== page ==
At the training squadrons, the pace is anything but sleepy. Students, instructors, and aircraft are pushed relentlessly to perform at the highest level. In the 309th Fighter Squadron, the challenge to students, especially “B coursers,” is the most obvious.
Straight from undergraduate training in the T-38, 1st Lt. Jonathan Kay soloed an F-16 for the first time last year.
“I was drenched in sweat, but I was smiling ear to ear,” said Kay, grinning at the thought. Sitting at the end of the runway was “a combination of ‘This is awesome,’ and ‘Boy, I hope I don’t do anything stupid,’ ” he recalled. In less than eight months, Kay progressed from takeoff, landing, and managing simple emergencies in the F-16 to selecting targets with a LANTIRN pod in simulated ground attacks.
Quick mastery of skills is essential. After 23 days of ground and simulator instruction, students are handed off to one of four USAF squadrons flying at Luke, such as the 309th Fighter Squadron—known as “Mad Mallards.” Momentum builds quickly: In 145 days, students like Kay fly an average of 62 sorties, punctuated with academic prep and 44 simulator sessions.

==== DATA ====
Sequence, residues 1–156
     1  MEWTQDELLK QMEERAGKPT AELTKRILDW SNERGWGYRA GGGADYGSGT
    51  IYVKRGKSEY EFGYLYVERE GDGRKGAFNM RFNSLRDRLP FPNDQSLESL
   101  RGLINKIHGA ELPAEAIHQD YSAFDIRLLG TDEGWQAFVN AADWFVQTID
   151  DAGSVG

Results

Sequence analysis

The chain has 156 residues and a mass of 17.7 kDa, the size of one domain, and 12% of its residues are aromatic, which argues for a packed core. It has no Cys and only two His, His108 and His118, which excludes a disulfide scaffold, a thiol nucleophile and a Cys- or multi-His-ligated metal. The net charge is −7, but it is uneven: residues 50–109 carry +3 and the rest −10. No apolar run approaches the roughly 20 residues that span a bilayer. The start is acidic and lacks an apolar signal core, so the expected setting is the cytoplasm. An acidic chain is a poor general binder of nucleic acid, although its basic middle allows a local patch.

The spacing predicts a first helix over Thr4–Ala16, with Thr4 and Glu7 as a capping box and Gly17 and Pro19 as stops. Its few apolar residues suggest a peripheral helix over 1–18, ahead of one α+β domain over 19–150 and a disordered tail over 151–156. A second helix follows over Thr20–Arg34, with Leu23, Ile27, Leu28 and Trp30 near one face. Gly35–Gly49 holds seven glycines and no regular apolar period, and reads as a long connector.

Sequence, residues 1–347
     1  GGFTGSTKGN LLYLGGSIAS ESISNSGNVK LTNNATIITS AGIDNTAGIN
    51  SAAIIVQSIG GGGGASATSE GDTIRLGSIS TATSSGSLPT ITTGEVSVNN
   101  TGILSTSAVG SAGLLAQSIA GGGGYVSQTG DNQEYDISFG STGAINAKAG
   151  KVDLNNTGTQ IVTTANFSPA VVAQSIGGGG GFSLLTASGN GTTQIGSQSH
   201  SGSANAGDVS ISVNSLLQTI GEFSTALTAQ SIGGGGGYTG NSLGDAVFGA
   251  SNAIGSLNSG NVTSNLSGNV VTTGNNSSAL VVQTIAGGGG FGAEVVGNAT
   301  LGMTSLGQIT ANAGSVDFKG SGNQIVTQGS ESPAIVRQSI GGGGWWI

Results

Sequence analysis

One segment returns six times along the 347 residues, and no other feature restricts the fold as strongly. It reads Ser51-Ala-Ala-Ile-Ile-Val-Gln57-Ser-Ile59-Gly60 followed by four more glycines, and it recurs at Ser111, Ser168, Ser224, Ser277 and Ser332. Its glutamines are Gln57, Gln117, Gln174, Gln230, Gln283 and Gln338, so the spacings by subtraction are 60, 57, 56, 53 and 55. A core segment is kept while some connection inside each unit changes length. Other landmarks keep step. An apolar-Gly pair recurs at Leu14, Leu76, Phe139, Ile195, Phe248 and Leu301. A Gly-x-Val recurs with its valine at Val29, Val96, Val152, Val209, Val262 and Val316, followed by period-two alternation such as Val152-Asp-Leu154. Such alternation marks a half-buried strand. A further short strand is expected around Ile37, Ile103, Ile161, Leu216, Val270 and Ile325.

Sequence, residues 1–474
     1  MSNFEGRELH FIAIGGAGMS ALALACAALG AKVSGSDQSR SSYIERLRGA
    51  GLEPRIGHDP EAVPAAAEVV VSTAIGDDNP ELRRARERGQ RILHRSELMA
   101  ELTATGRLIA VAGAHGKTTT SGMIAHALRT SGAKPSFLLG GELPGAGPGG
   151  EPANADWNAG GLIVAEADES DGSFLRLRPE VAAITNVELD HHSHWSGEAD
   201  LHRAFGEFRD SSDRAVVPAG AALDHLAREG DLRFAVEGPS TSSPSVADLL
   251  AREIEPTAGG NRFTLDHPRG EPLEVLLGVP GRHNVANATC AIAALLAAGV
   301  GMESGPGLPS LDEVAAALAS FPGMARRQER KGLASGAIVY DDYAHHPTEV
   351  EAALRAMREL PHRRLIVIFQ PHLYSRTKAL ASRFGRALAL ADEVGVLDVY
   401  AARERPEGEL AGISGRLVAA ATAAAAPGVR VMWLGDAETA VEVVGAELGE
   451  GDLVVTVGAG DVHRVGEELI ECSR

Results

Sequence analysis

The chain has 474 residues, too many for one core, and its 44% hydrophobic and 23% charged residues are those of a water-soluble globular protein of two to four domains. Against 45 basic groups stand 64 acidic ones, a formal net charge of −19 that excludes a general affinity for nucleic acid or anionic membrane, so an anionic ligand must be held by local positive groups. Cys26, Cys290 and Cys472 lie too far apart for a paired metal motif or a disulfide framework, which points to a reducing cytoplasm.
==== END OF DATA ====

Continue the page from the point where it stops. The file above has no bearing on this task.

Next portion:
Prepped and ready to go, an F-16 of the 309th Fighter Squadron awaits a training sortie in a shaded shelter at Luke.(Staff photo by Aaron Church)
“Last week, I stepped [to an aircraft] five times [and] flew four [sorties], so there’s just enough time to take what I learned from that last flight, try to incorporate it into the next one, and be ready to go again,” observed Kay. From planning to debrief, a sortie takes about seven hours, leaving little time for reflection.